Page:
Whether it’s affected you or not, the 2019 novel coronavirus has slowed down life as we know it. Any event that congregates large crowds, such as the Tokyo Olympics and fashion weeks, are threatened. Travel bans were implemented. In countries where the virus is rampant, such as China and Hong Kong, less and less people are braving the world outside their doorsteps in fear of getting infected. But with multiple news sites covering the health issue, it’s easy to get lost in all the information presented. Here, we debunk a few of the myths and misconceptions about the virus:
1. You can’t get the coronavirus from packages delivered from China.
If you’re having something delivered from China, which is the center of the epidemic and currently has the most cases, then you needn’t worry about it being infected. According to the World Health Organization (WHO), the coronavirus does not live long on surfaces and if you factor in the delivery time, you can bet that any viral droplets would not have survived. If, however, an infected person sneezes on a plane hand rest or comes in contact with a public restroom faucet, there is a chance of transferring it to others. A study conducted on other forms of coronaviruses found that it may last on metal, plastic, or glass for two hours to nine days. This may be why airlines and public transportation vehicles are taking extreme measures to sanitize their surfaces.
2. Wearing a mask will not guarantee protection from the virus.
When the news of the virus first spread, people flocked to the nearest drug store and hoarded face masks. We’ve now heard from multiple sources that face masks are not entirely effective in protecting one from the coronavirus. WHO recommends that one uses a medical mask only in these cases: (1) you have a fever, a cough, or difficulty breathing or (2) you are caring for someone who is suspected to have the coronavirus. Experts from WHO also clarify that masks are only effective when partnered with other preventive measures such as frequent hand-washing. Eli Perencevich, a professor of medicine and epidemiology from the University of Iowa has told Forbes in an interview that wearing a mask can even increase one’s risk of contracting the virus because they often use them incorrectly and touch their faces more frequently.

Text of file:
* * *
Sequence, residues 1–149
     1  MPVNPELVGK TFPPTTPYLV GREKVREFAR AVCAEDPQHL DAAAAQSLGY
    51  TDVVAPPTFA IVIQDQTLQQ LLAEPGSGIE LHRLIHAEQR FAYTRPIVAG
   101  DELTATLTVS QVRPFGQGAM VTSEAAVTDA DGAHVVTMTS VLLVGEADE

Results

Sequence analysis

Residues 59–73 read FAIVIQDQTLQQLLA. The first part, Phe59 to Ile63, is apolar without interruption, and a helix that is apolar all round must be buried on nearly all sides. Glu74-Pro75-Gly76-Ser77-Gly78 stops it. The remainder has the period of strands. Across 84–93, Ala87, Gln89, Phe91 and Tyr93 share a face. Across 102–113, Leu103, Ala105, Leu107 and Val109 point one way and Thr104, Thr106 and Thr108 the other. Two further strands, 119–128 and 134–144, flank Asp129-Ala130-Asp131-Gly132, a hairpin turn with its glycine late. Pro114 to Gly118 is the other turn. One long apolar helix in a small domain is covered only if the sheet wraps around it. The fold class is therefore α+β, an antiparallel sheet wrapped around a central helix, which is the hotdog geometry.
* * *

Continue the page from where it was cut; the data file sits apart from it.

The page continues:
3. You can get the virus from kissing someone who has it.
Save those besos for another day. We’ve learned from experts that kissing can spread the virus. Just this week, the French government has advised its citizens to stop the tradition of kissing each other on the cheek as a form of greeting in the hopes of minimizing the spread. At the same time, German politicians have even traded in handshakes for elbow bumps.
4. Thermal scanners are not the most effective measures.
Thermal scanners stationed at malls, offices, or other public places may help in distinguishing those who have fevers, as is one of the common symptoms of those afflicted with the novel coronavirus. They cannot, however, detect those who have the virus but are not stricken with fever yet. The average time for a person infected to develop a fever from the virus is between two and 10 days.
5. The novel coronavirus is spread from person to person, so it’s still best to avoid close contact with those who are sick.
If you are within close proximity of someone who has contracted the virus, The New York Times reports that there are several factors that may affect one’s level of risk: how close you are, how long you are near him or her, how much you touch your face, and if you are exposed to viral droplets from that person. If you know someone is visibly sick, stand six feet away from that person to avoid exposure to saliva or mucus droplets carried in the air.
6. Your pets cannot get the coronavirus.
It was previously reported that one dog in Hong Kong tested positive for the coronavirus, which gave pet owners a scare. Pets cannot be infected by the novel coronavirus, though they can test positive for it, reports CNN. We learned earlier that the virus can live on surfaces so the coronavirus can be present on a dog or cat, in the same way it can be present on a table or chair. This doesn’t mean that your furry friend has been infected. "Present evidence suggests that dogs are no more of a risk of spreading [coronavirus] than inanimate objects such as door handles," Lifelong Animal Protection Charity founder Sheila McClelland writes in a letter to Hong Kong authorities. Dogs and cats may get a coronavirus, but it’s not the same strain as the novel coronavirus in this epidemic, and cannot be passed on to humans.